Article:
Pennington Biomedical’s Dr. Robert Newton Jr. to Study African American Fathers as Proponents of Children’s Health
Dr. Newton secured a $214,000 grant from the NIH’s National Institute on Minority Health and Health Disparities division for this study
For more information, contact Joe Coussan, Joe.email@example.com, 225-763-3049
BATON ROUGE – Dr. Robert Newton Jr., Professor of Physical Activity & Ethnic Minority Health for Pennington Biomedical Research Center, was recently awarded a $214,000 grant to study the health of African American families, particularly exploring if fathers can serve as catalysts for their children’s health. The grant, which was awarded by the National Institute on Minority Health and Health Disparities division of the National Institutes of Health, will be used for Dr. Newton’s proof of concept study Fathers and Children Exercising Together, or FACEiT.
The study will analyze the degree to which fathers can influence their children’s health by incorporating exercise into family activities. In the first phase of development of the study, a focus group of African American fathers will be gathered to gauge interest in intervention to increase physical activity in their kids, what activities they feel would be most effective, and what time of day would work best with their families’ schedules. In particular, the study will target those fathers with children in the age range of 6 to 10 years old. In the second phase, the feedback gathered from the focus group will be incorporated into and inform a pre-developed intervention plan.
“Fathers play a unique role in their children’s physical activity,” Dr. Newton said. “FACEiT will help us learn more about what these specific roles are, especially as they relate to African American fathers and the barriers they face to engaging in activity with their children. The study will also allow us to assess how social determinants of health factors influence African American father’s ability to engage in this type of intervention. I’m honored that the NIMHHD felt this study was worth their investment.”
The third phase will be the intervention stage, which will compare three different groups. The first group will be a control, the second will include fathers who are given exercise instructions and then engage with their children and lead exercise regimens. The third group will mirror the second, with the inclusion of a community component. Dr. Newton has recruited the community group Fathers on a Mission, which will lead events where fathers and their children can participate in physical activities, such as bowling events or kayaking.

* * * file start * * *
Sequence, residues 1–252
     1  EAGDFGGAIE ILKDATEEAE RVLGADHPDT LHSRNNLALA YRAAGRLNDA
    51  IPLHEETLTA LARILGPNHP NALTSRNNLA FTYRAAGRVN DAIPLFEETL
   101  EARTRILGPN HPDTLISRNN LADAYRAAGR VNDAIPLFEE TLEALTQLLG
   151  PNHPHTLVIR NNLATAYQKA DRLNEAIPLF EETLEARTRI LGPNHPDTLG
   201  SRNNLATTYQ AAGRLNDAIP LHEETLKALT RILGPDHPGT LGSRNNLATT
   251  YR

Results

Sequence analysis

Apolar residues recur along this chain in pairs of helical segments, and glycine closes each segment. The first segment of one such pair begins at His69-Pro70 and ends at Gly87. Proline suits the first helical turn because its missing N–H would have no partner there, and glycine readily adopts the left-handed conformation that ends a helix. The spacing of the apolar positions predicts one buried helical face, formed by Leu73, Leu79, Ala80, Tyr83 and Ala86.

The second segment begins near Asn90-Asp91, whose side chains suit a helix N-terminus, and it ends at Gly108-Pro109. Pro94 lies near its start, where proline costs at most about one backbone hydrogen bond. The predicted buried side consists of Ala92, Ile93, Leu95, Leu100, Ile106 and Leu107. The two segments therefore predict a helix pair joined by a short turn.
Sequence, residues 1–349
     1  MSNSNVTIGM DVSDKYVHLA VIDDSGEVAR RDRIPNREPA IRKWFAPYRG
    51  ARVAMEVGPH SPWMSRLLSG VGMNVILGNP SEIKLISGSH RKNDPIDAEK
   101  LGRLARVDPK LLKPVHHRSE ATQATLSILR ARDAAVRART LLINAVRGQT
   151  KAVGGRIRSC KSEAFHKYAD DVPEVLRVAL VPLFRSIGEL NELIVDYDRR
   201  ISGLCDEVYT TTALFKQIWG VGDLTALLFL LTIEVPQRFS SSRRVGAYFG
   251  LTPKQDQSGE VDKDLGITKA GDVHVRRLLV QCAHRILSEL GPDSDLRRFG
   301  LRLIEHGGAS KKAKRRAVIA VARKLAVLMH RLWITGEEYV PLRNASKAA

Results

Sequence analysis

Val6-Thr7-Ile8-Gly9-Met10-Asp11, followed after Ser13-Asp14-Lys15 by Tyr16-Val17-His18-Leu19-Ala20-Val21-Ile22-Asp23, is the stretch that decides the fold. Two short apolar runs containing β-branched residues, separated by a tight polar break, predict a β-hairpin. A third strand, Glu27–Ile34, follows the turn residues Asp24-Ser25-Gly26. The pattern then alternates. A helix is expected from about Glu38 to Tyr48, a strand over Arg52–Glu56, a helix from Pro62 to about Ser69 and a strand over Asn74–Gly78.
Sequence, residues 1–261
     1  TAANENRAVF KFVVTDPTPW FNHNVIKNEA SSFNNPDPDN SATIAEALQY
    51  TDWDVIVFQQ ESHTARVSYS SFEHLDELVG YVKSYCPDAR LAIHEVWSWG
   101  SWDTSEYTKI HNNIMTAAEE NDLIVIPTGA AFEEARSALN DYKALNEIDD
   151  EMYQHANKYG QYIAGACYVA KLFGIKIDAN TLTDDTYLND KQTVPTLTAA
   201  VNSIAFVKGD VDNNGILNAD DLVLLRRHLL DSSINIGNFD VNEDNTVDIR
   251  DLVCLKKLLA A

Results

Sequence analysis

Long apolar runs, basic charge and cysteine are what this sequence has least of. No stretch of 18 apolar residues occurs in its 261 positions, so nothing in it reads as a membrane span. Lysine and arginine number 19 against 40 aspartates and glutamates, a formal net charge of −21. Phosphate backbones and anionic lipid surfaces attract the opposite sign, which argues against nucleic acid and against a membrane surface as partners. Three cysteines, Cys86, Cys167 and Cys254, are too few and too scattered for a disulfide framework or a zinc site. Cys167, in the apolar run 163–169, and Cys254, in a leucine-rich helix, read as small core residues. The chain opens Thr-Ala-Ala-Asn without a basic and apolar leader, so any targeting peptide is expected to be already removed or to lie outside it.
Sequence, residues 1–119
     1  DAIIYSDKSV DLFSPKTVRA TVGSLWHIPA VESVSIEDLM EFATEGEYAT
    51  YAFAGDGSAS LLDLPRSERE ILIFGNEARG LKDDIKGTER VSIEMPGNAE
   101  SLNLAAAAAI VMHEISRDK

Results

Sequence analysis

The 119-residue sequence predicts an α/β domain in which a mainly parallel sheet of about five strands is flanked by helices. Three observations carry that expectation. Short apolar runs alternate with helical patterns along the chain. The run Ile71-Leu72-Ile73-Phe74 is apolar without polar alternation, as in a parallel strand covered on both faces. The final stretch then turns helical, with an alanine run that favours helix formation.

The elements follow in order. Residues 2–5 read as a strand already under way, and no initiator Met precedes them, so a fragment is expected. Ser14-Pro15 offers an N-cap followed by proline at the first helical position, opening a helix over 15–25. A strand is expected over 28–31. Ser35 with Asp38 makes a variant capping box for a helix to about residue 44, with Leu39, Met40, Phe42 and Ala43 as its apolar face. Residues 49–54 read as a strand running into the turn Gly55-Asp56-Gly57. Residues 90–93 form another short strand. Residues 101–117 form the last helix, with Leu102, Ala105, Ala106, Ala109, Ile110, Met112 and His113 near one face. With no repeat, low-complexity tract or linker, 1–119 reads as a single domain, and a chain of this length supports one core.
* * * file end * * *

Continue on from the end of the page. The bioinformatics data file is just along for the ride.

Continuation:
“With the FACEiT study, Dr. Newton’s laboratory is the broader community, and his research is the health and wellbeing of our Baton Rouge neighbors,” said Dr. John Kirwan, Executive Director of Pennington Biomedical. “This study will ideally address the health disparities that exist among African Americans and will encourage health behaviors simultaneously across two generations. Pennington Biomedical is proud to have Dr. Newton on our team, as he helps us fulfill our mission of putting science to work for a healthier Louisiana and a healthier world.”
Statistics show that African American adolescents do not meet the recommended levels of physical activity. By understanding the barriers that prevent children from reaching optimal physical activities, fathers can help remove those barriers and engage in movement and exercise as well.
"Fathers on a Mission is excited about the partnership with Pennington Biomedical Research Center as we strive to bring awareness to the importance of physical activity,” said Levar Robison, Founder and CEO of Fathers on a Mission. “Through the FACEiT study, we will offer and deliver physical activity interventions that will reduce the risk of health disparities around heart disease, hypertension, stroke, diabetes, and obesity in ourselves and most of all in our children. This is a process that is needed, and this is a process that Fathers need to lead."
FACEiT is structured to test health and exercise interventions in children because physical activity levels in African American children begin to drop off between the ages of 6 and 10. Establishing physical activity habits at an early age can ultimately reduce the risk of chronic diseases later in life.
About the Pennington Biomedical Research Center
The Pennington Biomedical Research Center is at the forefront of medical discovery as it relates to understanding the triggers of obesity, diabetes, cardiovascular disease, cancer and dementia. Pennington Biomedical has the vision to lead the world in promoting metabolic health and eliminating metabolic disease through scientific discoveries that create solutions from cells to society. The Center conducts basic, clinical, and population research, and is affiliated with LSU.
The research enterprise at Pennington Biomedical includes over 480 employees within a network of 40 clinics and research laboratories, and 13 highly specialized core service facilities. Its scientists and physician/scientists are supported by research trainees, lab technicians, nurses, dietitians, and other support personnel. Pennington Biomedical a state-of-the-art research facility on a 222-acre campus in Baton Rouge.
For more information, see www.pbrc.edu.
Pennington Biomedical Research Center
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